After the camp was sold, it suffered three suspicious fires while the buildings were idle, each one worse than the last. The second fire in March of 1921 destroyed a hundred buildings. The third fire was the most spectacular, destroying almost all of what was left of the camp and detonating two stores of dynamite that had been stored for demolition purposes. Eighteen fire companies (including three from New York City, which came by way of the Dyckman Street Ferry) struggled to prevent the fires from spreading to adjacent homes. Other fire companies came from Tenafly, Closter, Bergenfield, Cresskill, Demarest, Teaneck, Hackensack and Palisades.

The Monument is located on the traffic circle and can be reached by foot and is illuminated at night.

http://www.bergen.nj.us

2015 Bergen County Division of Cultural and Historic Affairs

Disclaimer: This information was taken directly from a pamphlet from The Bergen County Division of Cultural Affairs & Historic Affairs in Bergen County, New Jersey. You must stop off on one of the side streets to see the monument and the information boards on the site are off to the west side of the circle. Try to walk around the monument on the circle itself to see the most detail.

Historic Cold Spring Village 720 Route 9 Cape May, NJ 08204

Historic Cold Spring Village 720 Route 9 Cape May, NJ 08204

Historic Cold Spring Village

720 Route 9

Cape May, NJ  08204

(609) 898-2300

hcsv.org

Admission:

$14.00 for adults and $12.00 for children 3-12. Children under 3 admitted for free.

Admission is free with membership. Please call (609) 898-2300, ext. 10 for accessibility. Pet Friendly and free parking.

Open: 10:00am-4:30pm, Tuesdays through Sundays

June 23rd to September 2nd

Closed Mondays

TripAdvisor Review:

https://www.tripadvisor.com/Attraction_Review-g46341-d268948-Reviews-Historic_Cold_Spring_Village-Cape_May_Cape_May_County_New_Jersey.html?m=19905

The 1800’s came to life when you visit.

Historically clothed interpreters demonstrate blacksmithing, pottery, printing, basket weaving and more! Visit an Early American schoolhouse, take part in hands-on activities and crafts and sample historic games and horse-drawn wagon rides on weekdays.

The village is also home to an organic farm complete with a horse, chickens, sheep and more! Visitors will also find a Welcome Center, Country Store, Bakery, Ice Cream Parlor, Cold Spring Grange Restaurant and Cold Spring Brewery.

Historic Cold Spring Village is a non-profit, open air living history museum dedicated to preserving the rich heritage of southern New Jersey. During the summer months, interpreters and artisans in period clothing preserve the trades, crafts and heritage of “the age of homespun.” From October-May, the emphasis is on teaching history through school trips to the Village, classroom visits by the education department and interactive teleconferences with schools throughout the U.S.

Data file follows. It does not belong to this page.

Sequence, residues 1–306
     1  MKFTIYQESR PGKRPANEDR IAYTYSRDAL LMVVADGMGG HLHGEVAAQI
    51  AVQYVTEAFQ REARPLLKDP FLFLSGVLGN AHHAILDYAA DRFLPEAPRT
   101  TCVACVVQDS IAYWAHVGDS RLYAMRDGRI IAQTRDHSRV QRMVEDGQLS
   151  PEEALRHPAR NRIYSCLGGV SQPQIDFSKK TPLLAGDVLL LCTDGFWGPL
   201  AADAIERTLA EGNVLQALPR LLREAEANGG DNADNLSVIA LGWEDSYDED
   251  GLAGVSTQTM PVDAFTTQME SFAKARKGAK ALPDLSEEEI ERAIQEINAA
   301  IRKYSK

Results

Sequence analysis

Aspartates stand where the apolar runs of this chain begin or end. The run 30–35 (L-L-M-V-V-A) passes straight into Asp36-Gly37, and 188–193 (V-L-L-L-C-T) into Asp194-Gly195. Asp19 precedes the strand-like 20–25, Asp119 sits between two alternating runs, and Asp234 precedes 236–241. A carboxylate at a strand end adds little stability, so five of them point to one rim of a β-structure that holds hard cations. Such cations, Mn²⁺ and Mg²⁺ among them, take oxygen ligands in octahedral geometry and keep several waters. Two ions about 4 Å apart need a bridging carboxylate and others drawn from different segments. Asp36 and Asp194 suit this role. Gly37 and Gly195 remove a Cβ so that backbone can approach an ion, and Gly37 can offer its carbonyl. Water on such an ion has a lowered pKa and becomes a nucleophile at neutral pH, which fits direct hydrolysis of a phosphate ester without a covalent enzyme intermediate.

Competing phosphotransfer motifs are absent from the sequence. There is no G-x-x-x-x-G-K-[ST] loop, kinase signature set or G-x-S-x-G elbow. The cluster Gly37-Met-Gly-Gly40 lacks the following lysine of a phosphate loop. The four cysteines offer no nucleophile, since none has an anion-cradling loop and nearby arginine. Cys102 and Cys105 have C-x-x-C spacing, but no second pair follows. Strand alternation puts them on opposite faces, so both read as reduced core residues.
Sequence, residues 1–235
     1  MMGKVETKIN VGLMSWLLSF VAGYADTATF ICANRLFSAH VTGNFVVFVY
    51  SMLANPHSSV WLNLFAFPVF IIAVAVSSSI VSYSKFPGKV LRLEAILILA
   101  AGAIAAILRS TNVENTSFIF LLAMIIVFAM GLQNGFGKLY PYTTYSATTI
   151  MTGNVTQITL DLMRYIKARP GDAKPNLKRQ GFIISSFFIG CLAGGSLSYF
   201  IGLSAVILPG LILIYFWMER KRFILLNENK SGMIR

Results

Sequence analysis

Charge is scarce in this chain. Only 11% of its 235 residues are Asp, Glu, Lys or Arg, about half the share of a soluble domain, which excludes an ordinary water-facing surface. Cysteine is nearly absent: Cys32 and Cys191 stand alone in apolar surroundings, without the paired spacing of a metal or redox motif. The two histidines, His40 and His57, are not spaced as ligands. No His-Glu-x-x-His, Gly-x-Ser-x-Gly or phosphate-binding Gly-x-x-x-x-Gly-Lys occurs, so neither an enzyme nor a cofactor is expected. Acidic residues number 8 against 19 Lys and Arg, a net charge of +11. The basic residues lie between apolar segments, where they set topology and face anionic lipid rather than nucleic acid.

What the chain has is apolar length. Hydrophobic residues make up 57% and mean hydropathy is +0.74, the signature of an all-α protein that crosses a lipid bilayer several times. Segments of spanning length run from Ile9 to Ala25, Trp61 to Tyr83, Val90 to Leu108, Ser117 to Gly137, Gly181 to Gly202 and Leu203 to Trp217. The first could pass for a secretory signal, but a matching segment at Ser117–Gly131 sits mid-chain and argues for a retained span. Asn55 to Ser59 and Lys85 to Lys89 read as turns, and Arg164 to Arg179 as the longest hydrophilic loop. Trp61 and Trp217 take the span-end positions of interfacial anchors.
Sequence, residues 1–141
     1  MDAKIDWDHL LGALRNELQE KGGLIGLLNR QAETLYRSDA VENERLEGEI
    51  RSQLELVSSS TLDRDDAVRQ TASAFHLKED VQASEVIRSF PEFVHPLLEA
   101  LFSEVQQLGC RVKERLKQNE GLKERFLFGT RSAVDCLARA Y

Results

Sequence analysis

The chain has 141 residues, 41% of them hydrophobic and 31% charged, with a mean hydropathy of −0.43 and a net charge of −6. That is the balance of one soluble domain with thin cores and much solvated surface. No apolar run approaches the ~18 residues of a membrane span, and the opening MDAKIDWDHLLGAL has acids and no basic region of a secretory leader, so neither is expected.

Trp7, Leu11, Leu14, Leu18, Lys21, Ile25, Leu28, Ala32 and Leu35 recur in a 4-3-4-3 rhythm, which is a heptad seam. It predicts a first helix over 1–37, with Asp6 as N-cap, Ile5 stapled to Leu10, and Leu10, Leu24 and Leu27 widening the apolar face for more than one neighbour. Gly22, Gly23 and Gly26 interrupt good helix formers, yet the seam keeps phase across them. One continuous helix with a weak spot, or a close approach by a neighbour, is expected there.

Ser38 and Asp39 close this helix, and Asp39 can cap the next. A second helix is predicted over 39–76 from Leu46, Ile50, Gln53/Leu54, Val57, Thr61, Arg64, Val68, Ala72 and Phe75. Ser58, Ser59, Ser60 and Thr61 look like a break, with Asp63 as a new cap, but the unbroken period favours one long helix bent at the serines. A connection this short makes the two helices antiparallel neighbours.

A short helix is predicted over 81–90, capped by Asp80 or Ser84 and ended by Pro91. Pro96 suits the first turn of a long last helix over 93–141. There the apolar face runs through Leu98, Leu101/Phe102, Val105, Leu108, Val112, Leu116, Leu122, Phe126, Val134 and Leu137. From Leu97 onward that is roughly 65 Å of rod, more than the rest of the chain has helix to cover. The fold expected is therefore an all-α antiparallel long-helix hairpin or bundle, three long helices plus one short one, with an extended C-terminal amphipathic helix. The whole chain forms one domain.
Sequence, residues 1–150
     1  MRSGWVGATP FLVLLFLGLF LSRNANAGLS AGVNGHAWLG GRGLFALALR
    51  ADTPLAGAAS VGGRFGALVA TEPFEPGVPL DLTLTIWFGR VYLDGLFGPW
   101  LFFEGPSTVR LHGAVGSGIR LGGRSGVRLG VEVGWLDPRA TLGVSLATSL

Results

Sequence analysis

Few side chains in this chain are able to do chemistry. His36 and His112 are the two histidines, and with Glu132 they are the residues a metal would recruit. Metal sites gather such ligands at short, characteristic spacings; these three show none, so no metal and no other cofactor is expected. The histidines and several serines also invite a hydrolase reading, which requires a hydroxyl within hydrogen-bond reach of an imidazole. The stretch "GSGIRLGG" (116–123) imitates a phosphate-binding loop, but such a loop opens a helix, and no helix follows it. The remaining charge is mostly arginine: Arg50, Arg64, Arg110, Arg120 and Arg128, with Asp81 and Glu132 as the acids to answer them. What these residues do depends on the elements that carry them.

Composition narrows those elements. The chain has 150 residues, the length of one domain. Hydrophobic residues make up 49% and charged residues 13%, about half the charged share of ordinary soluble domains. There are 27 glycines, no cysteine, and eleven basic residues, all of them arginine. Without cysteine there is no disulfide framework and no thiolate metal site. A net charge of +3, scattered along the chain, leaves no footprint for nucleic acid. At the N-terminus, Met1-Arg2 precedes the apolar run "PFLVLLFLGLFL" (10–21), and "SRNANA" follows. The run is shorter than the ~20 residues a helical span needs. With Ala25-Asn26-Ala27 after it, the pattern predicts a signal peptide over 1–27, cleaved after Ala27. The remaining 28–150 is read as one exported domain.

Our Education Program relates the history of the region to the broader scope of New Jersey, American and World History. Historic Cold Spring Village offers programs for students of all ages and programs can be adapted to any grade level. Please contact the Village for a more detailed description of each program.

Historic Cold Spring Village’s educational offerings are designed to comply with the 2009 New Jersey Core Curriculum Content Standards for Social Studies as established by the New Jersey Department of Education.

Stroll the shaded lanes of Historic Cold Spring Village’s 30 acres as you step back in time to an early American South Jersey farm community. Craft persons, tradesmen, housewives and farmers are eager to share their experience as you visit the Village’s 27 historic buildings. The Village is located on Route 9, four miles south of Rio Grande and three miles north of Cape May City. Visitors from the north, take the Garden State Parkway to Exit 4A and follow the signs to the Village.

For additional information on Historic Cold Spring Village programs, projects or events, please call, fax, email or visit our website.

Telephone: (609) 898-2300

Fax  (609) 884-5926

Email 4info@hcsv.org

Web: http://www.hcsv.org

Give the Past a Future: Invest in the future of HCSV by making a tax-deductible charitable contribution, volunteering or becoming a member. For additional information, call (609) 898-2300, ext. 10.

The Village’s educational programs meet the following standards:

6.1 US History, America in the World

6.2 World History/Global Studies

6.3 Active Citizenship in the 21st Century

The Marshallville One-Room Schoolhouse Experience